Lossen, Karl August

German petrologist and geologist, born at Kreuznach (Rhine Province), 5 January, 1841; died at ...

Lot

Son of Abraham's brother Aran ( Genesis 11:27 ), therefore Abraham's nephew (his "brother": ...

Lottery

A lottery is one of the aleatory contracts and is commonly defined as a distribution of prizes by ...

Lotti, Antonio

Composer, born at Venice in 1667; died there, 5 January, 1740 and studied under Legrenzi, ...

Lotto, Lorenzo

Italian portrait painter, born at Venice, 1480; died at Loreto, 1556. This eminent artist was ...

Loucheux

The would-be Kuchin of some ethnologists, and the Tukudh of the Protestant missionaries; ...

Louis Allemand, Blessed

Cardinal, Archbishop of Arles, whose name has been written in a great variety of ways (Alamanus, ...

Louis Bertrand, Saint

Born at Valencia, Spain, 1 Jan., 1526; died 9 Oct., 1581. His patents were Juan Bertrand and ...

Louis IX, Saint

King of France, son of Louis VIII and Blanche of Castile, born at Poissy, 25 April, 1215; died ...

Louis of Casoria, Venerable

Friar Minor and founder of the Frati Bigi; b. at Casoria, near Naples, 11 March, 1814; d. at ...

Louis of Granada, Venerable

Theologian, writer, and preacher; b. of very humble parentage at Granada, Spain, 1505; d. at ...

Louis of Toulouse, Saint

Bishop of Toulouse, generally represented vested in pontifical garments and holding a book and a ...

Louis XIV

King of France, b. at Saint-Germain-en-Laye, 16 September, 1638; d. at Versailles, 1 September, ...

Louis-Marie Grignion de Montfort, Saint

Missionary in Brittany and Vendee; born at Montfort, 31 January, 1673; died at Saint Laurent sur ...

Louise de Marillac Le Gras, Venerable

Foundress of the Sisters of Charity of St. Vincent de Paul , born at Paris, 12 August, 1591, ...

Louise, Sister

Educator and organizer, b. at Bergen-op-Zoom, Holland, 14 Nov., 1813; d. at Cincinnati, Ohio, 3 ...

Louisiana

I. COLONIAL The history of Louisiana forms an important part of the history of the United ...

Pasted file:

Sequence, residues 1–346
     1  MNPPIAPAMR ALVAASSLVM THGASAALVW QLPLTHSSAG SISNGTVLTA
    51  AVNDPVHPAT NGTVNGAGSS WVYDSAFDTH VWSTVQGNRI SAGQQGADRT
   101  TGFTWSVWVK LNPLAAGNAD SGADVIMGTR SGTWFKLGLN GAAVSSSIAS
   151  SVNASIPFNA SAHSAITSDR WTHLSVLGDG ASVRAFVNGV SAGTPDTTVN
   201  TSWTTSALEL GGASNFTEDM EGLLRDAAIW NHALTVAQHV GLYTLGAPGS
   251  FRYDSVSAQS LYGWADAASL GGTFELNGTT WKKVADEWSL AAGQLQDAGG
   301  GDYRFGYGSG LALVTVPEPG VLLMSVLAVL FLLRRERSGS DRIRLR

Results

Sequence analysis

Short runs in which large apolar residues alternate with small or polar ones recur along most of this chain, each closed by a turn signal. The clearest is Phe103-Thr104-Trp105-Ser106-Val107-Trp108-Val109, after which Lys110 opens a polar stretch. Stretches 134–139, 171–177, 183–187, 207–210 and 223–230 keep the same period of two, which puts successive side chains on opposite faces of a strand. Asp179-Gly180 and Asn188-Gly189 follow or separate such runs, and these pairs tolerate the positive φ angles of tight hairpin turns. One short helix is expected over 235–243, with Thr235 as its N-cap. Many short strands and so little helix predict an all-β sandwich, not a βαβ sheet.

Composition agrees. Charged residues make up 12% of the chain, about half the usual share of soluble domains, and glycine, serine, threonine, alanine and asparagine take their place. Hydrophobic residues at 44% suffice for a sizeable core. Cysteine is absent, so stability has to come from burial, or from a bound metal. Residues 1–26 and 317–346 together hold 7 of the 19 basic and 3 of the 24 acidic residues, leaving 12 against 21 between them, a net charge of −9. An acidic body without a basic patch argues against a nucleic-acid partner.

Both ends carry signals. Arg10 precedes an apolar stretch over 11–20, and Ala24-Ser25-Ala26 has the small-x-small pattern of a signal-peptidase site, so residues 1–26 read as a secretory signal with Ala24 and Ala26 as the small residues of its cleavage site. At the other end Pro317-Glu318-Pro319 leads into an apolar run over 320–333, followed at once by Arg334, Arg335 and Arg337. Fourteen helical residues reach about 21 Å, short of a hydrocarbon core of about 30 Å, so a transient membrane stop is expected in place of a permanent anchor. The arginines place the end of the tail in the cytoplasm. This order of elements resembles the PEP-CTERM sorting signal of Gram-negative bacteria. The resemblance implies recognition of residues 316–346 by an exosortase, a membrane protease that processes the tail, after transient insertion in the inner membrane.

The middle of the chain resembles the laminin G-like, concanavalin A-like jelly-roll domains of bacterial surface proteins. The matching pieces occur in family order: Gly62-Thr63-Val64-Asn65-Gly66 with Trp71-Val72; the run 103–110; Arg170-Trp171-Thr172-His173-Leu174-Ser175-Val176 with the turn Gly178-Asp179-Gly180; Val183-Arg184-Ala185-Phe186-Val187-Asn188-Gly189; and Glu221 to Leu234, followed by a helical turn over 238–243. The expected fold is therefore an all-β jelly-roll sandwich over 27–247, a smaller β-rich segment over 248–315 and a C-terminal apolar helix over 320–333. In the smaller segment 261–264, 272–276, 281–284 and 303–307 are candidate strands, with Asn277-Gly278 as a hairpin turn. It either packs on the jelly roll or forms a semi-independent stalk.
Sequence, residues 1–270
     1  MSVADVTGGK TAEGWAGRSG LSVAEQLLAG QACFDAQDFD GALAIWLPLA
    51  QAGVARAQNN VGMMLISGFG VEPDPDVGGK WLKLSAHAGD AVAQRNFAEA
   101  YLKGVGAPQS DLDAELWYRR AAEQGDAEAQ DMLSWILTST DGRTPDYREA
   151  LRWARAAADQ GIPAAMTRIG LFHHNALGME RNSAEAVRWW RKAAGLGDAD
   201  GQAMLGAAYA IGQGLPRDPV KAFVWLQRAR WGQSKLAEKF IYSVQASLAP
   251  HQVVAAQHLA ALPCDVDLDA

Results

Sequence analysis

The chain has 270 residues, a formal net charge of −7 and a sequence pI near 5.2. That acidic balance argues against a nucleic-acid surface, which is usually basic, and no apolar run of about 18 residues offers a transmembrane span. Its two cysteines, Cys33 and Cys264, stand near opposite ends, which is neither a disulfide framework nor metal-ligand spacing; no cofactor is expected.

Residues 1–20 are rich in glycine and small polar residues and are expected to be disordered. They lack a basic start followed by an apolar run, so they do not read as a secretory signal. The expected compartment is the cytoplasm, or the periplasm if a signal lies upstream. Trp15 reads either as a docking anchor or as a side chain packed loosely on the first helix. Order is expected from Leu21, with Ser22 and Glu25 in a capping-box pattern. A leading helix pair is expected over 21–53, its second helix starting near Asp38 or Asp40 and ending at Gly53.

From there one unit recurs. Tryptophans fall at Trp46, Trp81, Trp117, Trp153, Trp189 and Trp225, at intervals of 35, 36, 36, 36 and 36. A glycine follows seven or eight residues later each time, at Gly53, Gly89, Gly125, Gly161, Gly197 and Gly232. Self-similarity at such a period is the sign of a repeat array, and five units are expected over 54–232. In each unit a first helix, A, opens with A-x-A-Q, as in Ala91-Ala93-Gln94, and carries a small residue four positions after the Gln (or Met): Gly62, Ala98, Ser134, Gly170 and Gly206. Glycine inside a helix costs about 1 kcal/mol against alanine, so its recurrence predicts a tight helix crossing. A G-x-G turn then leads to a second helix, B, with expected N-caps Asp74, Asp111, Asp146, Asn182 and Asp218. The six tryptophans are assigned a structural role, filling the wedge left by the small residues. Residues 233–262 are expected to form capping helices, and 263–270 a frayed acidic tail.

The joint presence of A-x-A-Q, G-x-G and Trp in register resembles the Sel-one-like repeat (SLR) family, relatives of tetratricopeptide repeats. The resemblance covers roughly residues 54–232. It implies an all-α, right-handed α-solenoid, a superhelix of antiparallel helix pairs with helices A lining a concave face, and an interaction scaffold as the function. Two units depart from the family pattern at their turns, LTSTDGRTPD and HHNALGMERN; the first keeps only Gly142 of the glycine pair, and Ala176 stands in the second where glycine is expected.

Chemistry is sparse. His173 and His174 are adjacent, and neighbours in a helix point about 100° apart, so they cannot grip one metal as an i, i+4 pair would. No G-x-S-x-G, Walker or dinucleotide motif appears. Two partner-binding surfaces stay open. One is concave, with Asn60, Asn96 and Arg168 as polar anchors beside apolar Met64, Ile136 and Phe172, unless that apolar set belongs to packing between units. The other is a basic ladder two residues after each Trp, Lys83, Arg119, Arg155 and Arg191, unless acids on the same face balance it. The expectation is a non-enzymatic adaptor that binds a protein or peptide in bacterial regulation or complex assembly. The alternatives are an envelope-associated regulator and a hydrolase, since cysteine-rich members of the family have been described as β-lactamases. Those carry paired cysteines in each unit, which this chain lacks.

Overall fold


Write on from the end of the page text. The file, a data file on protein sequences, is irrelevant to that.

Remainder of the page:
Louisville, Diocese of

Comprises that part of Kentucky west of the Kentucky River and western borders of Carroll, Owen, ...

Lourdes, Brothers of Our Lady of

(Abbreviation C.N.D.L. — Congregation de Notre-Dame de Lourdes) A community devoted to ...

Lourdes, Notre-Dame de

Notre-Dame de Lourdes, in the Department of Hautes Pyrenées, France, is far-famed for the ...

Louvain, University of

In order to restore the splendour of Louvain, capital of his Duchy of Brabant, John IV of the ...

Love, Theological Virtue of

The third and greatest of the Divine virtues enumerated by St. Paul ( 1 Corinthians 13:13 ), ...

Low Church

The name given to one of the three parties or doctrinal tendencies that prevail in the ...

Low Sunday

The first Sunday after Easter. The origin of the name is uncertain, but it is apparently ...

Lower California, Vicariate Apostolic of

Includes the territory of that name in Mexico (Sp. Baja or Vieja California ), a peninsula ...

Lower Criticism

The object of textual criticism is to restore as nearly as possible the original text of a work ...

Loyola University (Chicago)

Loyola University is the outgrowth of St. Ignatius College, founded by the Jesuits in 1869 for ...

Loyola University (New Orleans)

Loyola University, New Orleans, Louisiana, is (1912) the only Catholic university in what is ...

Loyola, Saint Ignatius

Youngest son of Don Beltrán Yañez de Oñez y Loyola and Marina Saenz de Lieona ...

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Luçon

Diocese of Luçon (Lucionensis). Embraces the Department of La Vendée. It was ...

Lublin

DIOCESE OF LUBLIN (LUBLINENSIS). The city of Lublin is in Russian Poland, capital of the ...

Luca, Giovanni Battista de

A Cardinal and Italian canonist of the seventeenth century, b. at Venusia, Southern Italy, in ...

Lucas, Frederick

A member of Parliament and journalist, b. in Westminster, 30 March, 1812, d. at Staines, ...

Lucca

ARCHDIOCESE OF LUCCA (LUCENSIS). Lucca, the capital of the like named province in Tuscany, ...

Lucera

DIOCESE OF LUCERA (LUCERINENSIS). Lucera is a very ancient city in the province of Foggia in ...

Lucerne

Chief town of the Canton of Lucerne in Switzerland. The beginnings of the town, as well as the ...

Lucian of Antioch

A priest of the Church of Antioch who suffered martyrdom (7 January, 312), during the reign ...

Lucic, John

(Or LUCIUS) Croatian historian, b. early in the seventeenth century, at Trojir, or Tragurion, ...

Lucifer

( Hebrew helel ; Septuagint heosphoros , Vulgate lucifer ) The name Lucifer ...

Lucifer of Cagliari

(LUCIFER CALARITANUS) A bishop, who must have been born in the early years of the fourth ...

Lucina, Crypt of

The traditional title of the most ancient section of the catacomb of St. Callistus. According to ...